1 April, 2016

Hope and healing on The Great Trail

One man’s path to inner peace took him across British Columbia…twice

Trevor Hodgson is an avid cyclist who hails from Kelowna, in BC’s Okanagan region, and he suffers from bipolar disorder. Also known as manic depression, bipolar depression is a mental illness characterized by severe high and low moods.

At a particularly low point in 2014 when Trevor was struggling with an episode of depression and suicidal thoughts, he found hope and purpose in cycling The Great Trail in his home province of British Columbia. “I can’t say that riding the Trail saved my life but I will say it gave me a reason to live,” says Trevor. “Now, riding the Trail is a way for me to stay physically fit, manage my weight and combat depression.”

Trevor travels alone, riding a fully suspended mountain bike hitched to a single wheel trailer with between 110 to 130 lbs of camping gear, GPS, smartphone, water, and enough food to provide nourishment for between 3 to 7 day trips. “Water is the most important thing, and I have run low a couple of times,” says Trevor.

His biggest challenge? Food. “Covering large remote distances means you want to be sure you have enough food, but figuring out how much food to carry takes some guess work,” says Trevor. “Riding eight or more hours a day pulling a trailer burns a lot of calories and creates a huge appetite.”

Aside from staying properly nourished and hydrated, weather can also present a major challenge. During his last trip, Trevor was overcome by heat sickness several times. When it wasn’t the heat, it was the quiet. “The silence is unnerving for me,” Trevor says. “It takes some time to adjust to the quiet of the wilderness.”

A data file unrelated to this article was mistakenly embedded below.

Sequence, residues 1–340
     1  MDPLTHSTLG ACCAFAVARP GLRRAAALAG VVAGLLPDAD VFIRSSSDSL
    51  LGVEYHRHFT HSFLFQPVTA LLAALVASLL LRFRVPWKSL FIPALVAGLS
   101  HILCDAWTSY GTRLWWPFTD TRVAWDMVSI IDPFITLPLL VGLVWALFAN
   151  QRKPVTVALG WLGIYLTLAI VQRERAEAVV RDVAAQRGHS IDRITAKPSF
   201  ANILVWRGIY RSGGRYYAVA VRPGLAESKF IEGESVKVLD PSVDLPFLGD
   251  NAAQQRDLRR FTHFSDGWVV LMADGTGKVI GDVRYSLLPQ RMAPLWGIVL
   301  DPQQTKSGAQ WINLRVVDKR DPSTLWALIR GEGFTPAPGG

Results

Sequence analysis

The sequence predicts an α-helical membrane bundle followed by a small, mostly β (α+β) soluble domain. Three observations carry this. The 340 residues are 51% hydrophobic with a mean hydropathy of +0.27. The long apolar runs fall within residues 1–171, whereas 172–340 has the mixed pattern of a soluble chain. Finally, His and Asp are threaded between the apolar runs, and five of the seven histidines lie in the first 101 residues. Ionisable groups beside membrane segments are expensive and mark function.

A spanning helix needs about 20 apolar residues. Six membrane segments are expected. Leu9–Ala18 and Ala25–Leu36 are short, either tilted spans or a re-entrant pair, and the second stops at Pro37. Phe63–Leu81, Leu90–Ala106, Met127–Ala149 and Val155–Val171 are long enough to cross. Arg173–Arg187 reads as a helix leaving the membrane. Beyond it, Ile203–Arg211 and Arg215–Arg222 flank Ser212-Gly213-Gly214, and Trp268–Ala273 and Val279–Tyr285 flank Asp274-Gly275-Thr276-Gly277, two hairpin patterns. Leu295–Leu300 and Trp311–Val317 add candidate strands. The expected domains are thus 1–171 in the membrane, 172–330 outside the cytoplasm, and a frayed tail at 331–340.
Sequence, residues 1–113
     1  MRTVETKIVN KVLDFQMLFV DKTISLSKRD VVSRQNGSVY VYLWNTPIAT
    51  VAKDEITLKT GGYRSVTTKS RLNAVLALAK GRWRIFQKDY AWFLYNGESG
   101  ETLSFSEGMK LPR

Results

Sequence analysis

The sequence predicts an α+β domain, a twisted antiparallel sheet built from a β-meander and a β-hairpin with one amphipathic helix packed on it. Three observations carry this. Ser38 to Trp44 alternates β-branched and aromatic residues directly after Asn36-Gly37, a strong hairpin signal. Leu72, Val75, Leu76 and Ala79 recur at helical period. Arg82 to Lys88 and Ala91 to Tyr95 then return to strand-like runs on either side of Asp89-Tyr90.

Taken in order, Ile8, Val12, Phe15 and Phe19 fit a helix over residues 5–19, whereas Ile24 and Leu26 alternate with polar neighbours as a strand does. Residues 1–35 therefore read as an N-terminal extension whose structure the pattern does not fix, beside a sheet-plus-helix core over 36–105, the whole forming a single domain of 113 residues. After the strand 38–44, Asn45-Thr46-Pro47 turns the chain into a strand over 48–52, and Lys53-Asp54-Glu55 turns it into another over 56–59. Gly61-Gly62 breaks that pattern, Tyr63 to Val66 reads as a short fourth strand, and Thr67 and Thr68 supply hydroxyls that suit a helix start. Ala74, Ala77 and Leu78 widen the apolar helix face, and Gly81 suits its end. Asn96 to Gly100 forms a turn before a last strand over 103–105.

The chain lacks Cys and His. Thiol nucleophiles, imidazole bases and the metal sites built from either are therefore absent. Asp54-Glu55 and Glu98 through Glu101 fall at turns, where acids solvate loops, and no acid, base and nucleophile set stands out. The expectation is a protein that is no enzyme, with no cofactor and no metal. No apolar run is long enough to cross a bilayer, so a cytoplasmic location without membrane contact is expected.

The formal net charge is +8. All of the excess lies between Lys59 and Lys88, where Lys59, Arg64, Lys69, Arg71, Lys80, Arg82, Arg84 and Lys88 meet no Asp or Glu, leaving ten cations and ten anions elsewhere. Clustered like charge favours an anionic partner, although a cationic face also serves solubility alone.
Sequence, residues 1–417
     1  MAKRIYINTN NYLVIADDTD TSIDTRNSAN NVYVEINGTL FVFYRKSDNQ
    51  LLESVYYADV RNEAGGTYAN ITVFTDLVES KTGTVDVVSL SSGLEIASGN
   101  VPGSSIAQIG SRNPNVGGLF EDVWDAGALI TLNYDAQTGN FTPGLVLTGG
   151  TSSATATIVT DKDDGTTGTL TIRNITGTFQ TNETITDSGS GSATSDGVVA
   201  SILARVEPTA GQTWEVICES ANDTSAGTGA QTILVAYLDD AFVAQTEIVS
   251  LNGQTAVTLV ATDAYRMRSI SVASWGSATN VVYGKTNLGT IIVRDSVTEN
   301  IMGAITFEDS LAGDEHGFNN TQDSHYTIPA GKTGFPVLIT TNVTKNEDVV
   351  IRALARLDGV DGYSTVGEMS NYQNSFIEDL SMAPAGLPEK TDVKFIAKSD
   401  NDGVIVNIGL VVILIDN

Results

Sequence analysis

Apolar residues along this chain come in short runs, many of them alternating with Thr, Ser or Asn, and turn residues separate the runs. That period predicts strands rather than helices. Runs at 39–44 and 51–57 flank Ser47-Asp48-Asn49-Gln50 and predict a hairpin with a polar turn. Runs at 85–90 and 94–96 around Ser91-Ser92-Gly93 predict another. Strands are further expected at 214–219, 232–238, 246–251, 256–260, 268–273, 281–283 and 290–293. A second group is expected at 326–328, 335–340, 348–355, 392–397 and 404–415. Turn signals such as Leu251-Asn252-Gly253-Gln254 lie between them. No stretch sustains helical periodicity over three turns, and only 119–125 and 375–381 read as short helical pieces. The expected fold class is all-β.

For Trevor, the payoff for these challenges is the beauty of the natural landscapes he finds himself in. “Spectacular mountains, lakes, rivers, and a beautiful coastline too,” Trevor says. “Oh, and did I mention the mountains?”

Bragging rights

Over the past eight years and five “backcountry mountain bike adventures” as he refers to them, Trevor has cycled the Trail across BC twice, and accumulated roughly 9,000 kilometres of travels. His most memorable journeys are BC’s three mountain pass trails: Pale Face Pass (Chilliwack Valley Trail & Silverhope Creek Trail), Grey Creek Pass (Balfour to Kimberley) and Elk Pass (Elkford to Elk Pass), trails that are not for the faint of heart. “As spectacularly rewarding as they are physically challenging,” says Trevor of his experiences on mountain pass trails. “Completing any of the three passes in either direction is an achievement worth bragging about, and I have completed all of them in both directions.”

Memories and Must-See Trails

Of the many fond memories Trevor has accumulated on his BC cycling adventures over the years, some stand out more than others. “Three horses ran alongside me as I passed by their property, and twice I encountered wild horses along the Trail on Grey Creek pass and near Penticton in the Okanagan.” His pick for top Trail section in BC? “Myra Canyon to Penticton and the Kettle Valley Rail Trail, and not just because I live in the Okanagan!” Trevor says. “It’s an easy day ride down a gentle hill through the trestles of Myra Canyon, with views of beautiful mountain lakes, historic rock ovens, vineyards, and spectacular views of the Okanagan Valley.”

On the Horizon

For Trevor’s next adventure, he plans to ride the Trail’s northern route to Inuvik and back, starting in Myra Canyon through BC, Alberta, the Yukon, and into the Northwest Territories to Inuvik on The Great Trail. After that,  Trevor intends to ride the entire Trail from West to East.

“It has been one of the greatest pleasures of my life to ride The Great Trail,” says Trevor. “Because of my bipolar disorder, I’m a loner and connecting with people is not easy for me, but when I travel the  Trail, I experience a connection to this land that opens me up and fills me with a certain life affirming energy.”